Save cash overseas

Monday, May 18, 2009

Save cash overseas

Read the recent press reports about British expats moving back to the UK, claiming the weak pound has made it too expensive to live in the Eurozone? Well, were not convinced, and to show that a life abroad can still be affordable, here we serve up some tips on how to be thrifty abroad.


The best way to save money is to copy the buying habits of the locals. And just as you would in the UK, shop around and compare prices for groceries. If you live in a touristy area, a short journey inland or somewhere more local could knock a few euros off your shopping bill. Weekly markets are good for food, clothes and household items, but dont discount supermarkets, such as Aldi and Lidl, which are across the Channel, too if theyre popular with the locals, theres got to be a reason.


Choose your bank in your new country carefully and check exactly what charges might be applicable. In the UK were used to free banking, but abroad its normal to pay an annual fee for the account as well as for debit cards and other services we take for granted. If you intend to maintain some financial interest in the UK, keep an account open there or it might be worth using a high-street bank with overseas branches such as Halifax, Barclays or HSBC.

In order to hedge their bets against the effects of currency fluctuations, individuals living in Europe can open both a sterling and a euro account, which provides the opportunity to convert funds when exchange rates are most favourable, says James Gairdner, managing director, Halifax International.

Offshore banking is a popular option for many individuals living abroad and provides worldwide access to finances and savings in different currencies, making them a good option for expats looking for ways to save money.

Cheap as chips3. CHEAP AS CHIPS

Eating out is cheap, so long as you hunt out the right places. Restaurants overflowing with local people are a good starting point, and in general avoid anywhere advertising an English menu on the outside, as this is obviously aimed at tourists and may be pricey. In agricultural areas there are always cheap eateries casual labourers who work the land need somewhere to eat, just as certain areas of cities always have budget places serving the student population. Look for places that serve a menu of the day (in Spain, its called menu del dia), which usually offers a set three-course meal with wine for around 10!


If you need to transfer money regularly from a UK bank into a different bank overseas, use a currency specialist. These offer better exchange rates than banks, and have facilities that allow you to fix an exchange rate for a set period of time, which means your monthly pension payment will be unchanged so you can budget properly each month. Also, most foreign currency specialists waive the sending and receiving charges imposed by banks.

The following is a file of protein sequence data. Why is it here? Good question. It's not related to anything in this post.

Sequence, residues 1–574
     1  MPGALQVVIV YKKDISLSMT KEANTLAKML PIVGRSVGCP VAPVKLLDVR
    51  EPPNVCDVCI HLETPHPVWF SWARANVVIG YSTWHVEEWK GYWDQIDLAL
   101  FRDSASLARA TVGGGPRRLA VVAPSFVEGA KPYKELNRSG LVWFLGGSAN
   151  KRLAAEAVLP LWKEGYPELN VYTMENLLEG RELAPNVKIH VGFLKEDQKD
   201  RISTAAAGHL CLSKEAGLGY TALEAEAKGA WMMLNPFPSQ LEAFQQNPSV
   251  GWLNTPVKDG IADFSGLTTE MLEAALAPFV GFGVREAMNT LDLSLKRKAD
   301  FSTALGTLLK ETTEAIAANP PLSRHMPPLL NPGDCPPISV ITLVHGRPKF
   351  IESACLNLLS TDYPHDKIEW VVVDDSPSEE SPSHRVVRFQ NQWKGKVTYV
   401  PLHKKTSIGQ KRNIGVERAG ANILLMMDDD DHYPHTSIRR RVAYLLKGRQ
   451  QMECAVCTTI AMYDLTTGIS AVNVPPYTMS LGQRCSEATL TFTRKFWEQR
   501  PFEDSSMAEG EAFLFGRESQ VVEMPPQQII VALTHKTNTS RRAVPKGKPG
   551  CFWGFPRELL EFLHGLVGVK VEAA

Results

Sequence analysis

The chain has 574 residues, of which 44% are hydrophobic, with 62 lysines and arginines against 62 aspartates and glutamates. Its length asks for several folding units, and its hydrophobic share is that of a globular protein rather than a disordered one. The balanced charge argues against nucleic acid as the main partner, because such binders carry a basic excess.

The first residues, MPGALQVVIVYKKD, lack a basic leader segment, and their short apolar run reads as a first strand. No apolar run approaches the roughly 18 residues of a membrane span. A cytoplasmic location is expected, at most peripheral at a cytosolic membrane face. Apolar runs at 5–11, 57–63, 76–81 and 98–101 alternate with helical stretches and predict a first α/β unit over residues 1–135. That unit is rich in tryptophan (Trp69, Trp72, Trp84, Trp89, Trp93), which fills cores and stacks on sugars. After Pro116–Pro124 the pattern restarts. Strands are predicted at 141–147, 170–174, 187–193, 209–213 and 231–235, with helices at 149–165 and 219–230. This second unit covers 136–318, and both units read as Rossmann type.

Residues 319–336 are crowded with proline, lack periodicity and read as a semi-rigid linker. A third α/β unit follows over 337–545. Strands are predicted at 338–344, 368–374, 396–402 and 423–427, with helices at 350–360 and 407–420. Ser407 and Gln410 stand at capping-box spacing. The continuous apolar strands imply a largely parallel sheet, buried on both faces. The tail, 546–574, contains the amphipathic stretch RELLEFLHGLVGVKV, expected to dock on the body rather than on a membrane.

Were being encouraged to be more self-sufficient in the UK, so why not do the same when you move abroad? The more self-sufficient you are, the lower your overheads. Grow your own fruit and veg and youll spend less on food, plus you should be able to exchange your fresh produce with other locals. The abundant sun on the Continent not only offers longer growing season than in the UK, but investing in solar panels makes economic sense you'll never be short of hot water. If you live in a rural area where there is an endless supply of wood, get a solid fuel burner. Having your own well built will also keep utilities bills to a minimum.


Insurance can be more expensive abroad than in the UK, where competition between insurance companies keeps prices nice and low. So why not look to UK-based companies for your insurance needs? A couple living in southern Italy said: The best deals weve found are through the UK Italsure for car insurance and Intasure for property. We made a claim through Intasure after a lightning strike and it worked, so thats one of the big worries out of the way. A big plus of using a UK company is that you get a copy of everything in English, while the stuff we need locally is in Italian.

Piggy bank7. CASH IN LAND

The EU offers farming grants, or subsidies, to property owners with more than 10,000 square metres of land, so harvesting olives or vines could be beneficial financially. Even if you have less land than this, but use it for some agricultural purpose, such as beekeeping, you could join the local farming co-operative and receive some benefits. Ask your local council office for details.


Apply for a residency card as soon as possible after you arrive. In most European countries this means you automatically have access to cheaper bank accounts, electricity tariffs, council tax, VAT rates and much more. Furthermore, the larger the community that is, the more people who are officially registered by the town hall as resident the higher the grants that municipality receives from central government, so its really in everybodys interests to register.


Saving money can also be as simple as putting together a yearly plan of essential costs, such as insurance (medical and home), maintenance fees and household bills, so that these overheads dont come as a surprise. Factoring an emergency reserve of cash into this plan, to cover any unexpected costs that may occur, is also important.


If you are flying back to the UK, avoid peak times and book your air tickets well in advance to secure seats at the best prices. If possible, avoid travelling during school holidays, at half term, Christmas and Easter, and always try to fly during the week. Its usually cheaper to fly at awkward times of the day, too; for example, very early in the morning. If you really want to save money when visiting the UK, why not take the coach every so often, too?


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